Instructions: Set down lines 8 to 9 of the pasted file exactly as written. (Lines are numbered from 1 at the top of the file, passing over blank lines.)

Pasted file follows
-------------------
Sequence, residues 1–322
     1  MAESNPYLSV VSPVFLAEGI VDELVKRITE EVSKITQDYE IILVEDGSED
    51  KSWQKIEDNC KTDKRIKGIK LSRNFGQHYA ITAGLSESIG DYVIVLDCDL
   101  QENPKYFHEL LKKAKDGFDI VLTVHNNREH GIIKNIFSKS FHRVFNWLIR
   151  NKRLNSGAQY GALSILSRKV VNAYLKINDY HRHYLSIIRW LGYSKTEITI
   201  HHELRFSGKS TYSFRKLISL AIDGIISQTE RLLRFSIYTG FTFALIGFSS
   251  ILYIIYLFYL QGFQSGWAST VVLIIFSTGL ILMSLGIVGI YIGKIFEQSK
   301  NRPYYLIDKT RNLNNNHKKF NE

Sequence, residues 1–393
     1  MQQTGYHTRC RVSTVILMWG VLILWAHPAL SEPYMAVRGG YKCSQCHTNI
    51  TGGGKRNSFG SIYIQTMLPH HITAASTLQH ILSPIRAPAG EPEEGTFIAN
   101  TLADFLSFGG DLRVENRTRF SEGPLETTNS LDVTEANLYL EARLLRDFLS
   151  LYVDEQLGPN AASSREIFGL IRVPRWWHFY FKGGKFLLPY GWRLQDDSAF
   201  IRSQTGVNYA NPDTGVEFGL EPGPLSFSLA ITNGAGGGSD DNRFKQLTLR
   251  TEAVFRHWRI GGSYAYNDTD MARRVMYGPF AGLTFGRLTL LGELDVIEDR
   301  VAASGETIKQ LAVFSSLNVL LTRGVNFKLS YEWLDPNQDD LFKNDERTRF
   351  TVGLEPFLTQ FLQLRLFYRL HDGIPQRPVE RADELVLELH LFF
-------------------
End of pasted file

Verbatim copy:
   301  NRPYYLIDKT RNLNNNHKKF NE

Sequence, residues 1–393